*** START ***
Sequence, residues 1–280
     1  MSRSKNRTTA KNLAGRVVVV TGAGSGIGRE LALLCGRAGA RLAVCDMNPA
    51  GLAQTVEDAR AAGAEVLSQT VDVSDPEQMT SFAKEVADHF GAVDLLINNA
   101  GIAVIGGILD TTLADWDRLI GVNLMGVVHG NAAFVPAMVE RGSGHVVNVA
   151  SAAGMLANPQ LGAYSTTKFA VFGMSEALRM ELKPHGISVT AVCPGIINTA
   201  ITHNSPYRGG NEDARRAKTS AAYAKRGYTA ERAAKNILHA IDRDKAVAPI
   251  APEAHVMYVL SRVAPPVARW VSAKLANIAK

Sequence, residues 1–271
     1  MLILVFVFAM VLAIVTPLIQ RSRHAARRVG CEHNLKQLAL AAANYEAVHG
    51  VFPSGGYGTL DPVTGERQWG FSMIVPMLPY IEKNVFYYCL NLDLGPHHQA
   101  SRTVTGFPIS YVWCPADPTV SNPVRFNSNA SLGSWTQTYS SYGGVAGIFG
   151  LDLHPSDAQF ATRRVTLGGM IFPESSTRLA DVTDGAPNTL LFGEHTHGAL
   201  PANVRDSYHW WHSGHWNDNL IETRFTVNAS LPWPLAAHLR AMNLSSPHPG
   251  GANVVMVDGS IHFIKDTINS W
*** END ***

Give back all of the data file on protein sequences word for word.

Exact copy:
Sequence, residues 1–280
     1  MSRSKNRTTA KNLAGRVVVV TGAGSGIGRE LALLCGRAGA RLAVCDMNPA
    51  GLAQTVEDAR AAGAEVLSQT VDVSDPEQMT SFAKEVADHF GAVDLLINNA
   101  GIAVIGGILD TTLADWDRLI GVNLMGVVHG NAAFVPAMVE RGSGHVVNVA
   151  SAAGMLANPQ LGAYSTTKFA VFGMSEALRM ELKPHGISVT AVCPGIINTA
   201  ITHNSPYRGG NEDARRAKTS AAYAKRGYTA ERAAKNILHA IDRDKAVAPI
   251  APEAHVMYVL SRVAPPVARW VSAKLANIAK

Sequence, residues 1–271
     1  MLILVFVFAM VLAIVTPLIQ RSRHAARRVG CEHNLKQLAL AAANYEAVHG
    51  VFPSGGYGTL DPVTGERQWG FSMIVPMLPY IEKNVFYYCL NLDLGPHHQA
   101  SRTVTGFPIS YVWCPADPTV SNPVRFNSNA SLGSWTQTYS SYGGVAGIFG
   151  LDLHPSDAQF ATRRVTLGGM IFPESSTRLA DVTDGAPNTL LFGEHTHGAL
   201  PANVRDSYHW WHSGHWNDNL IETRFTVNAS LPWPLAAHLR AMNLSSPHPG
   251  GANVVMVDGS IHFIKDTINS W